Hereford, England 2003 (Kirrage et. al, 2007)[4]

In October and November 2003 Hereford, England experienced a Legionnaires' disease outbreak with 28 identified cases. The investigation involved interviewing all cases (or a proxy) using an adaption of the Health Protection Agency's standard Legionella Questionnaire. Information was collected on predisposing risk factors, demographic factors, recent movements within and outside Hereford, and specific visits or proximity to an aerosol-generating system, such as a cooling tower, within a 14 day period prior to the onset of symptoms. Information gathered on the place of residence and the daily movements of each case were entered into a GIS were the locations of cooling towers in the area, with 250 m, 500 m, and 1000 m radii plotted around each of them. Wind direction and velocity data for half hour periods were also obtained from a local schools weather station and incorporated into the analyses. A 'composite score' methodology was employed to quantify the risk of exposure and therefore identify the likely source of contamination amongst a large number of potential sources in and around the city centre. The composite score was calculated for each potential source by allocating one point to each source for each of the cases that had either been (a) within 500m of the source or (b) within 1 km downwind of the source at any time during the incubation period. The maximum score was therefore 56 points from the 28 cases. When reviewing the composite scores 3 potential sources were identified as having significantly more cases residing or travelling within 500 m, and who had been downwind of them, than all other sources. Additional epidemiological and microbiological investigation then enabled the rapid identification of a single cooling tower as the source of the outbreak.

North Shropshire, England 2006 (Carr et. al , 2010)[5]

Between August and September 2006, in North Shropshire 6 cases of Legionnaires' disease were reported over a 19 day period (3 times as many cases as had been reported for the same time of the previous 3 years). The initial hypothesis was that this 'cluster' had arisen due to exposure to a contaminated aerosol producing device in the community. GIS was used as part of the outbreak response and helped target the environmental investigation. A GIS database was created consisting of potential sources of aerosol exposure, residential locations of cases, workplace locations, daily travel movements and wind direction. Visualisation of laboratory confirmed Legionnaires' disease cases and their movements revealed that they were scattered over a wide area with no significant clustering. Two mile radii were established around each cases place of residence, their workplace and any other locations visited socially. Two sites with four registered cooling towers that were within a 2 mile radius of the residences or workplaces of four of the cases were identified and visited. Environmental health officers, who also identified other potential sources of contamination such as unregistered cooling towers and car washes within that area, took samples from the identified facilities - they were all culture negative for Legionella species. Despite a detailed investigation into the occurrence of the Legionnaires' disease cluster it was not possible to identify a common source as being responsible for the outbreak. From the available epidemiological, environmental and microbiological information it was concluded that the cluster of Legionnaires' disease cases identified constituted a pseudo-outbreak. Indeed the author makes comment that at the same time other parts of England and parts of Europe were experiencing large increases of cases of Legionnaires' disease.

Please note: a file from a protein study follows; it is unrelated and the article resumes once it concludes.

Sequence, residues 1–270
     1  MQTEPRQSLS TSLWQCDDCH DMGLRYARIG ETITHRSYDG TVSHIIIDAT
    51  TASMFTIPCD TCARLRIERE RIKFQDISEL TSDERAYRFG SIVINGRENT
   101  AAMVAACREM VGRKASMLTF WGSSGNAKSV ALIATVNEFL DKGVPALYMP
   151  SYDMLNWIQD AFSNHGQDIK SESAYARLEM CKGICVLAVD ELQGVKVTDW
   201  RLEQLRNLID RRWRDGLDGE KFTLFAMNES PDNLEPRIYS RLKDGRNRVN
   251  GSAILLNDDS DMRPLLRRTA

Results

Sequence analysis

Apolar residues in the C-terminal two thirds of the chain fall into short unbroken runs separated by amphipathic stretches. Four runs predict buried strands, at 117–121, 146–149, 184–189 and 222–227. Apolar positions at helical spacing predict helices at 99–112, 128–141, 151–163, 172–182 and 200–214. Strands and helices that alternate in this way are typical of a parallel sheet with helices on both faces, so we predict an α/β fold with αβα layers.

Barcelona, Spain 2000 ( Jansà et.al , 2002)[6]